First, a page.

As online shopping becomes the norm, every product imaginable can now be purchased without ever having to set foot in a shopping mall. To sweeten the deal, online retailers often offer quick delivery, flexible exchange or return, and heavy discounts.
But we don’t always get what we bargained for — counterfeit or lower-quality items can easily be intermingled with the real deals, especially in online marketplaces that offer merchandise from third-party sellers.
Everything from money and IDs to designer handbags run the risk of being counterfeited. Although security features such as holograms, color-shifting inks, radio-frequency identification (RFID) tags, and QR codes embedded into items or product labels act as hurdles for counterfeiters, more sophisticated forgery techniques are making it increasingly difficult for consumers — let alone experts — to distinguish between authentic and fake goods by visual inspection alone.
In cybersecurity, biometric authentication, including fingerprint scanning and facial recognition, have become ubiquitous and are a convenient way to restrict access to our devices.
Although biometrics eliminate the need to remember passwords because our this data is permanently and inherently part of us, biometrics databases can be hacked or tricked using “deepfakes,” the term given to AI-generated faces and voices, which have already been used to spread fake news and gain access to telephone banking.
And once our biometrics have been compromised, it’s a major problem, as we can’t simply change our biometric data like we can change a password.
In 2019, the BioStar 2 biometrics platform built and maintained by the security manufacturer Suprema was breached by vpnMentor, an internet privacy research team whose mission is to expose flaws in cybersecurity systems. The team easily accessed over 27.8 million records from businesses, banks, police forces, and institutions around the world, including fingerprints, facial recognition data, unencrypted passwords and IDs, personal information of employees, and records of entry and exit into secure areas.
The researchers stated that the system was shockingly unsecure, and if actual cybercriminals were to breach the system, the consequences would be disastrous.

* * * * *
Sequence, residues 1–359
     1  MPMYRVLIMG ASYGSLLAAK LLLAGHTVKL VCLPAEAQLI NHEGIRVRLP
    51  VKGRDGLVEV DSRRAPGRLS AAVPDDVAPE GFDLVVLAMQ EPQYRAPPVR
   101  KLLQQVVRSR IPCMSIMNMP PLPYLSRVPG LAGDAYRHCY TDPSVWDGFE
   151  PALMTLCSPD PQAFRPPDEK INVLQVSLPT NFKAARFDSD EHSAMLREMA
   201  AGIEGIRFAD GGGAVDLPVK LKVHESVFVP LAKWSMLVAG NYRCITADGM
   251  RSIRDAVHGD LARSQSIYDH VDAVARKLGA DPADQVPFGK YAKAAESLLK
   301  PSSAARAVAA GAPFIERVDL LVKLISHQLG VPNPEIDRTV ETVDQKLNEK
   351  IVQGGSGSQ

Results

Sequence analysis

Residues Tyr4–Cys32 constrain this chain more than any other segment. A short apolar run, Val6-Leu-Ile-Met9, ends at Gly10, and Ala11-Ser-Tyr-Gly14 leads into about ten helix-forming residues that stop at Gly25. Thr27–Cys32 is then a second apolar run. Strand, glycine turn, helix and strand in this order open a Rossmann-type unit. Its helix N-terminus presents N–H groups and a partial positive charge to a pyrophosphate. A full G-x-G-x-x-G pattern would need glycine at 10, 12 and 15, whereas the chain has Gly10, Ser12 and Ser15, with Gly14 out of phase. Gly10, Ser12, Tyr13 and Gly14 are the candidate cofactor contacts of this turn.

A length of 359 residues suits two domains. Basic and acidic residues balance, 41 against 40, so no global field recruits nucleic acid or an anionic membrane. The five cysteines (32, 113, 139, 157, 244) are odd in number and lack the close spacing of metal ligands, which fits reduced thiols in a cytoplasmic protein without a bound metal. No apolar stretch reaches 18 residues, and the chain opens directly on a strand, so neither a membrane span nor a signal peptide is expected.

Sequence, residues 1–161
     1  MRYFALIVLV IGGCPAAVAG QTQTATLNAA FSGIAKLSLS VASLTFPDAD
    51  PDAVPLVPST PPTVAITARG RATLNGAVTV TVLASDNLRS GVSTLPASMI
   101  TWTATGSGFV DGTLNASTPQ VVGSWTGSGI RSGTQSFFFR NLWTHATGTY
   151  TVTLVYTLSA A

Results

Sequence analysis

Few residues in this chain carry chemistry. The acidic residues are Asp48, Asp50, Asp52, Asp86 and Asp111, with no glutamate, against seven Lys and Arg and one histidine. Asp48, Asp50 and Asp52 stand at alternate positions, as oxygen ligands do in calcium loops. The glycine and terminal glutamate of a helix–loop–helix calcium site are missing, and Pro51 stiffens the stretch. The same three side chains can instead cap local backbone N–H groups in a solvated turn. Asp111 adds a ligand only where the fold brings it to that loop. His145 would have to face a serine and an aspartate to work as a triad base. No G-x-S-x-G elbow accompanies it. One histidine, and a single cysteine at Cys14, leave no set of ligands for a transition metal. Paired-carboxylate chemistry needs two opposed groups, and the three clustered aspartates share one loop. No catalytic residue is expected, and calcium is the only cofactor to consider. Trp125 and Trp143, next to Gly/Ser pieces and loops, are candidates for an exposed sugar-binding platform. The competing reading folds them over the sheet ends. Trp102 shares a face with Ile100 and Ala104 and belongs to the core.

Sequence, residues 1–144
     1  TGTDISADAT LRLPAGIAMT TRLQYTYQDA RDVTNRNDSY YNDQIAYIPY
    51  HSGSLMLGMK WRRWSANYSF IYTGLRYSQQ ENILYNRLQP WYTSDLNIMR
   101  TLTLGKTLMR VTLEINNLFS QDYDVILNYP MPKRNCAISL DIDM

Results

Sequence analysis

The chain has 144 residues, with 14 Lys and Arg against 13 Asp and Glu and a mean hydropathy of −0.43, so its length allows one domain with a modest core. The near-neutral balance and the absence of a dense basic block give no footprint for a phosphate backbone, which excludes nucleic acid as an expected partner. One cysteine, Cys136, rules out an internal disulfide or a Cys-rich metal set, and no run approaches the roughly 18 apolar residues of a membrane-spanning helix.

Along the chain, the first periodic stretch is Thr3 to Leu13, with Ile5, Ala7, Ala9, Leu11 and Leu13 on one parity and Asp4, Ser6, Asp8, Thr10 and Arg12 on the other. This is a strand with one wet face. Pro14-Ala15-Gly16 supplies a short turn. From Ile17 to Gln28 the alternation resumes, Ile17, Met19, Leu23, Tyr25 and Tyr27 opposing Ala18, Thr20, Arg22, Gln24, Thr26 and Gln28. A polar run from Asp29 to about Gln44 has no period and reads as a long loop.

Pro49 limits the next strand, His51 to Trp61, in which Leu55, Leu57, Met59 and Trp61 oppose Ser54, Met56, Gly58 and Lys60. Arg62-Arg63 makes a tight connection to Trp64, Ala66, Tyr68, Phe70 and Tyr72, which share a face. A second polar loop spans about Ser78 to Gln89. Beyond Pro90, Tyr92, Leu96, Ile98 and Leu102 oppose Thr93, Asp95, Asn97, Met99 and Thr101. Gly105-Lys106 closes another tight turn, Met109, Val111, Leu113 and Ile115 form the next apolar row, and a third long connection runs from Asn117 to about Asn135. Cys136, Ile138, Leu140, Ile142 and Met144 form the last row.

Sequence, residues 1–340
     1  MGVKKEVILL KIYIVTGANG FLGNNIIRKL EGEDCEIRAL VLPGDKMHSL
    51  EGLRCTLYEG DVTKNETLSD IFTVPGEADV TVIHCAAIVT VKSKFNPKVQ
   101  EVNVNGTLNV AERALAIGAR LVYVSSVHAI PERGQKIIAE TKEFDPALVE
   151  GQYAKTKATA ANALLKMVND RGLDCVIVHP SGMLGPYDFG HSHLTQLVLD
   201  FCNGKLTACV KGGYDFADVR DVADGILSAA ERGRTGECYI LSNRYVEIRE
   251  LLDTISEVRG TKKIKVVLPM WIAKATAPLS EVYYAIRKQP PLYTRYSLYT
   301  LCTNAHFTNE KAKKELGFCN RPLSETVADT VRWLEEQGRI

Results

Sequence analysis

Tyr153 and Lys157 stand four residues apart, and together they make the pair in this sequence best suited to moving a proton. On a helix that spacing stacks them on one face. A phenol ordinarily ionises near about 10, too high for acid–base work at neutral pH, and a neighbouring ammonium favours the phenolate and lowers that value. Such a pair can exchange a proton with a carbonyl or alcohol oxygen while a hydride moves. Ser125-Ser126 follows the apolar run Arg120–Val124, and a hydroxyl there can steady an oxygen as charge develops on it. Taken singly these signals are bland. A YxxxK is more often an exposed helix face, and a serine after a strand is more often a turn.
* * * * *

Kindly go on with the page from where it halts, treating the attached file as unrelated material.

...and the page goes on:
Artificial microfingerprints as a solution
Recently, academic researchers devised a potential way to avoid such a nightmare scenario: artificial fingerprints.
They constructed the fingerprints from soft materials called cholesteric liquid crystals, which can self-assemble into complex patterns with unique optical properties. These characteristics make cholesteric liquid crystals ideal for the fabrication of physically unclonable functions (PUFs), which are important components of security systems.
PUFs rely on tiny manufacturing variations to generate random physical features, forming a pattern. This pattern is then used as a cryptographic key that is impossible to replicate. The greater the encoding capacity of a PUF — that is, the more randomness incorporated into the pattern — the stronger and more secure it is.
To fabricate the artificial fingerprints, the researchers applied a high-frequency electric field to microsized droplets of a chiral liquid crystal doped with a photoluminescent dye. The electric field reorients the liquid crystal inside each droplet, resulting in a unique pattern reminiscent of a human fingerprint.
“This method enables the simultaneous fabrication of many microfingerprints, one different from the other, by simply applying an electric field to an emulsion containing hundreds of microdroplets,” Mauro Bruno, a researcher at the University of Calabria who helped develop the technique, told us.
But unlike human fingerprints, which are topological impressions left by the skin ridges on our fingers (“dermatoglyphs”), the texture of these artificial fingerprints is optical. The optical patterns, which are visible under an optical microscope, are impossible to duplicate because their generation is completely unpredictable. They are also richer in minutiae, which are randomly distributed and lack the alignment and local orientation of human fingerprints.
Although the optical pattern itself cannot be controlled, its complexity can be adjusted by altering the dimensions of the microspheres and the distance between ridges by changing certain fabrication parameters, allowing for boundless pattern possibilities.
Prospects in anti-counterfeiting and cybersecurity
The artificial fingerprints can also be integrated into an electroluminescent label that can be used by manufacturers to guarantee product authenticity.
To verify the authenticity of an item, “the consumer will only need to take a picture of the pattern on the label with a smartphone, and an [identification] app will compare the image with the ones stored in the database,” Maria Penelope De Santo, supervisor of the research project, explained. “The software will recognize the label as authentic or counterfeited in a few seconds.”
These fingerprints also have tremendous potential in cybersecurity. For example, in the event of a suspected breach of fingerprint data, like the Suprema incident, artificial fingerprint patterns could be replaced just as easily as a password can be changed. The artificial fingerprints are not quite ready for commercialization, however.
“At present, the production procedure [for the label] is still time-consuming, even if it is not complex,” Bruno shared.
“The stability and robustness of the device has been successfully tested, but the use of an external power supply to light the label represents the main hurdle to overcome,” he added. “At the moment, we are working on materials to switch from an electroluminescent device to a label based only on fluorescent materials.”
Reference: Mauro Daniel Luigi Bruno et al., Cholesteric Liquid Crystals based micro-fingerprints generator for anti-counterfeiting labels, Advanced Materials Technologies (2023). DOI: 10.1002/admt.202300613